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Countless numbers of homeowners got an early Christmas gift this week -- or at least a promise of one -- with the news that scientists may have figured out how to make grass that doesn't grow very fast.

Don't run out and turn your lawnmower into a lawn ornament quite yet. It might take a few more years before these baby blades with stunted growth are perfected and approved for planting outside your house. But the thought of having to cut the grass once or twice a year is the perfect gift for those who would rather be out playing golf or tennis, walking or jogging or just lying by the pool.

Scientists believe they can pull off this modern miracle by tinkering with a single gene. That bit of manipulation essentially will produce a dwarf plant that resembles its big brothers and sisters in every other way but size.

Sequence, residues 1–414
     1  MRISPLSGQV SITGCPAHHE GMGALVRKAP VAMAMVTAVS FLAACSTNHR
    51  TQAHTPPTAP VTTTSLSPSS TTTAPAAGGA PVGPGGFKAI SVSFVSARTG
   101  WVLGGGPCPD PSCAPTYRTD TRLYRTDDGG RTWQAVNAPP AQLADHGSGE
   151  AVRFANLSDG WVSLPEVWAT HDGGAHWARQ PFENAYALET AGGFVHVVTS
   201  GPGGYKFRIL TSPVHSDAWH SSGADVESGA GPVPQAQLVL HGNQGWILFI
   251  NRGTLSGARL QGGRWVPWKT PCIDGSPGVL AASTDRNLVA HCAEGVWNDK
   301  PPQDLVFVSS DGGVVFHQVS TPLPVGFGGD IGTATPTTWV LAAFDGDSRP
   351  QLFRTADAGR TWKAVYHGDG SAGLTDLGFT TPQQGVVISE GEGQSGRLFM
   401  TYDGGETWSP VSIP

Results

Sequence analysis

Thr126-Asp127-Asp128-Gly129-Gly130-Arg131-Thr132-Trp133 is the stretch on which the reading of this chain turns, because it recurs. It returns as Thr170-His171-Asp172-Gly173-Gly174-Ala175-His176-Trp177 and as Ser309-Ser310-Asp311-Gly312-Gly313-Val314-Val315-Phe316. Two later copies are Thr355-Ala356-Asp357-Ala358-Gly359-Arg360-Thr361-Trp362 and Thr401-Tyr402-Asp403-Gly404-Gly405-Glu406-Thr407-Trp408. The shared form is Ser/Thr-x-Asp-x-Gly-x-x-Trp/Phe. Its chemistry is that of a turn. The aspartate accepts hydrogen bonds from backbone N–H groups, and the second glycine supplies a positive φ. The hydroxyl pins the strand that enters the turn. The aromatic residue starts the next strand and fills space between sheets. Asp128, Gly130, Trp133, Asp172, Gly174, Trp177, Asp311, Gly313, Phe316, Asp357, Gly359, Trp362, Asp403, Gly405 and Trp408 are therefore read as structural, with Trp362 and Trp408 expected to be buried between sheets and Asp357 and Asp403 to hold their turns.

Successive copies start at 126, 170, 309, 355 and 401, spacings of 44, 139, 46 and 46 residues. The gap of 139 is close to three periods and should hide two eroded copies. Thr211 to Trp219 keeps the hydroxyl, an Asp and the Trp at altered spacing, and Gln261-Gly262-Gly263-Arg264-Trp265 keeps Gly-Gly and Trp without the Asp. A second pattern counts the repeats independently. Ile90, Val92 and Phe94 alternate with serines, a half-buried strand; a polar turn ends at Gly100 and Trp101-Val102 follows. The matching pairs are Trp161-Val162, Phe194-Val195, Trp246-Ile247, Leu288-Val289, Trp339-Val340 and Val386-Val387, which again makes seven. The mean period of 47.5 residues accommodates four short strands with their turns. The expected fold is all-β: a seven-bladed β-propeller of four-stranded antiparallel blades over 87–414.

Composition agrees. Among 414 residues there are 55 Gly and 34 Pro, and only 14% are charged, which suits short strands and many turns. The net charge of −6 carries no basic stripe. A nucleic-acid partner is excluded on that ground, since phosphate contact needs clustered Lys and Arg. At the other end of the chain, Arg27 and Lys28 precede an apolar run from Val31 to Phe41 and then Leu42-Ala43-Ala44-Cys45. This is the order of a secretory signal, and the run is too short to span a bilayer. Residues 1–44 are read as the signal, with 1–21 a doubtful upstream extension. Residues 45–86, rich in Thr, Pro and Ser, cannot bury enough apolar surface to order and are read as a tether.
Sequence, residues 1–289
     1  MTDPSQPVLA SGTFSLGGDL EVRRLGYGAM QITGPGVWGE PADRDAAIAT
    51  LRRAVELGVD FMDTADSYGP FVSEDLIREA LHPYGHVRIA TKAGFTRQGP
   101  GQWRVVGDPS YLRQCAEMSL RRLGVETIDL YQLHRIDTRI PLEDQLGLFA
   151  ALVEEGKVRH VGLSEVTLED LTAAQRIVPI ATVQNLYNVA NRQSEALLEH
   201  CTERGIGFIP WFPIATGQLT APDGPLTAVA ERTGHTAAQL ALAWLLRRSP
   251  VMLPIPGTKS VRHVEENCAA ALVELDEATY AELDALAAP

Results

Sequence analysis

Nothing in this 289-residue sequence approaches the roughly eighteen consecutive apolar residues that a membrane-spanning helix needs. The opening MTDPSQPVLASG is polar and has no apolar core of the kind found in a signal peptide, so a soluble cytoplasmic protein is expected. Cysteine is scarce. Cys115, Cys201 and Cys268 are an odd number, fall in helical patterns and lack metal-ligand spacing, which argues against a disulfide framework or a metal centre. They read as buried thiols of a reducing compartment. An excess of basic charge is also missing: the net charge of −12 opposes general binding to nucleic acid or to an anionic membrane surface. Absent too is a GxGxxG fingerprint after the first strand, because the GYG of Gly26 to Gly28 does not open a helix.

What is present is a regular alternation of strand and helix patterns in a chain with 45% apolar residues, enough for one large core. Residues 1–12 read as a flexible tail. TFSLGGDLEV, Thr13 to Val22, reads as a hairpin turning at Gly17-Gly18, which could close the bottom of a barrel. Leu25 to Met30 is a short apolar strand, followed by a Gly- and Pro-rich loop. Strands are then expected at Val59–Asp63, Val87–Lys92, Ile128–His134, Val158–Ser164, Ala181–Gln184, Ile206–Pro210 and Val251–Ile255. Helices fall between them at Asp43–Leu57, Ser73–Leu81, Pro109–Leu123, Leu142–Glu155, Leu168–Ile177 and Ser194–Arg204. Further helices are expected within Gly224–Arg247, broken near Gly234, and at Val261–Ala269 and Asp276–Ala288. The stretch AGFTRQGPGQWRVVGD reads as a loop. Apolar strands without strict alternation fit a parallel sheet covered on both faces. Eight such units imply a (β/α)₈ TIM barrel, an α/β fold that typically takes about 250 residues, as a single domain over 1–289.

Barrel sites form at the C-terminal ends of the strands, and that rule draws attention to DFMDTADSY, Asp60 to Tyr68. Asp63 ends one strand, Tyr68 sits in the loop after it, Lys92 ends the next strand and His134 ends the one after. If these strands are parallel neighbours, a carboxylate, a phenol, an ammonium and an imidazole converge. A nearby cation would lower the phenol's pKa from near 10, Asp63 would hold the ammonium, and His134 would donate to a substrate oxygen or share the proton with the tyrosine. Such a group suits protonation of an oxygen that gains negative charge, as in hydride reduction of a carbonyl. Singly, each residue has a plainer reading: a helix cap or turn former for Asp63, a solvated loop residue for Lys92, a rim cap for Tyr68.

OK, so this doesn't rate up there with the Salk vaccine. But not every scientist can be out looking to cure disease or feed the world. Somebody's got to do this kind of thing. And while we're thinking of it, we'd like to suggest a few more avenues of inquiry for researchers looking for ways to fundamentally change our way of life. How about gene alterations that will:

Cause snow to melt after it reaches one inch of depth -- except on ski slopes.

Make waiters and waitresses who bring a second glass of wine before you're finished with your meal.

Prevent football fans from walking in front of you just as a play is getting started.

Produce beef that can't be burned no matter how long you leave it on the grill.

Create teen-agers who don't think their parents are total idiots.

We know these are tall orders. But for now we'll be happy with the short grass, as long as it stays that way.

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